Wasatch, Morgan voters praise government change
With voters set to decide Tuesday whether to dissolve the Summit County Commission, citizens in Wasatch and Morgan counties say they’re satisfied with their new governments.
"They haven’t bothered me," said Wasatch County resident Dick Nicol about the Wasatch County Council that was first elected in Heber about three years ago. "Things are running fine but there is always controversy."
Summit County Proposition 1 asks if the current three-member Summit County Commission should change to a five-member county council with an executive manager.
Nicol insists his county has run more smoothly since it hired Wasatch County Manager Mike Davis after the form of government changed.
"But I wished they had went to five instead of seven (councilors)," Nicol lamented last weekend in an interview at his barbershop in Heber. "Too many people in charge."
A plan to bestow Summit County’s executive powers on a hired manager is dividing citizens as the Nov. 7 election approaches.
The part-time Summit County Commission functions currently as the legislative and executive branches of government.
Naming the manager the county’s chief executive officer would provide a needed separation of powers, said Snyderville Basin resident Steve Dougherty, who supports the change and served on the seven-member committee that recommended the proposal with a 5-2 vote.
Giving that much power to someone residents can’t elect, however, is distasteful, the proposition’s opponents say.
But Davis insists he answers to the Wasatch County Council.
"If you’ve got a problem or whatever, you go to (Davis). Yet, you’ve got seven guys above him that he has to report to," Nicol said. "Five would probably be fine."
Voters in Wasatch County wanted a separation of powers when they split the executive and legislative duties, said Natalie Mair, a waitress at Chick’s Café in Heber.
"You need to have a CEO," Mair said. "They deal with a lot of things."
Though all five councilors in Summit County would represent citizens at large, Mair says allowing some representatives to serve smaller districts has helped unite Wasatch County.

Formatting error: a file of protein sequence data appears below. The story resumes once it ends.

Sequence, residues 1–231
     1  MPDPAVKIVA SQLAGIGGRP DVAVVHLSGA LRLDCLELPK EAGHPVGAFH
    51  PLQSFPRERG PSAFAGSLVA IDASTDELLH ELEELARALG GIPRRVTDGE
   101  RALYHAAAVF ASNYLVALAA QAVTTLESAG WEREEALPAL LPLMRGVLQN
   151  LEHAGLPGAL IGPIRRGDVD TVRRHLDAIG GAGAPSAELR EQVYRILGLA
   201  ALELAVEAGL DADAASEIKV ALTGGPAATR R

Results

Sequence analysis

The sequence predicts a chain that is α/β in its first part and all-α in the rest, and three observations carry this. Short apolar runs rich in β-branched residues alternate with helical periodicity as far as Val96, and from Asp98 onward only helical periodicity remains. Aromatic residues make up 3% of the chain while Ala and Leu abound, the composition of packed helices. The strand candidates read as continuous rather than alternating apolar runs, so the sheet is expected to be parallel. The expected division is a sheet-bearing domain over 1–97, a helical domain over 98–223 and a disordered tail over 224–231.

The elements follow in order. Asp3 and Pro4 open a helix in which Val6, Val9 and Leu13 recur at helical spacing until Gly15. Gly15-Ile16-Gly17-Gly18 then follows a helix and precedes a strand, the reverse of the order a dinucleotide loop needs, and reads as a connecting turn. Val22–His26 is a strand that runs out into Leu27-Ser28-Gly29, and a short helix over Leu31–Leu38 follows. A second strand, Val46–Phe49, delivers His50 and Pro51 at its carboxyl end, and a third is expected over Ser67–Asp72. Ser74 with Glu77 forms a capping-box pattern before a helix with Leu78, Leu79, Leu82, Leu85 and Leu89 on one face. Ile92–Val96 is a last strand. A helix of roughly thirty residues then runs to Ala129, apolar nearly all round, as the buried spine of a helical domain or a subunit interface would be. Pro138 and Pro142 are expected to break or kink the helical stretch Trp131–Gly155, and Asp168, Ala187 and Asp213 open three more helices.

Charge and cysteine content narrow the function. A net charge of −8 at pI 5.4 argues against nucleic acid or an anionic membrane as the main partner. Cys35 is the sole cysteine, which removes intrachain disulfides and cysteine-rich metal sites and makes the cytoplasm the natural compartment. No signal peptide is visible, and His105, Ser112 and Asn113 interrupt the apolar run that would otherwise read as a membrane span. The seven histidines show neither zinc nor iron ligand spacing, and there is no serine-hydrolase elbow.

On the Wasatch County Council, five members represent specific geographic areas and two are elected at large.
Laurie Wynn, managing editor of the Wasatch Wave, says seven Wasatch County councilors have proven to be too many.
"We have been pleasantly surprised that it wasn’t as much of a chaotic mess as it could have been," said Wynn, who added that her newspaper would have endorsed for Wasatch what is being proposed in Summit County as long as some councilors could represent districts.
Doug Johnston, who publishes the Morgan County News, says when voters replaced the Morgan County Commission with seven councilors several years ago they helped reduce the potential for conflicts of interest between politicians and landowners seeking development approvals.
Morgan County has councilors who serve districts and at large without a county manager.
"If Morgan County had an election and they said let’s go back to three commissioners, I think it would be beaten 90 (percent) to 10," Johnston said. "When it was a three-member council you had two Republicans and one Democrat and whatever the Republicans wanted would pass."
Special interests that persuaded one commissioner would "get to two of them," Johnston said while bashing the defunct Morgan County Commission.
"I think when there are three of them they pretty much think that they are God," Johnston said. "It’s harder to get to seven people than it is to three."
Allowing some councilors to represent districts, however, has been important for helping ensure everyone in fast-growing Morgan County has representation on the council, Johnston said.
"If I have a problem in south Morgan where I live, I go to the person who’s over south Morgan," Johnston said, insisting Summit County voters also deserve district representation.
But a manager is unnecessary in a relatively small county like Summit, he said.
Meanwhile, Dougherty claims councilors could draw districts in the county after they’re elected.
He blasted critics of the plan like Summit County Auditor Blake Frazier, who Dougherty alleges is spreading misinformation about the plan to change the form of government to scare voters and hasn’t been upfront about the salary and benefits package he receives from the county worth more than $100,000.
"It’s a bunch of guys who work in the courthouse who are trying to keep their little fiefdoms going on," Dougherty said about many of Proposition 1’s opponents.
According to Frazier, implementing the change of government the first year could cost roughly $750,000 because of additional salaries and the cost to provide more office space.
"Costs are not something that were integral to the task that was before the study group," Dougherty said, insisting estimates from Frazier are not based on facts.
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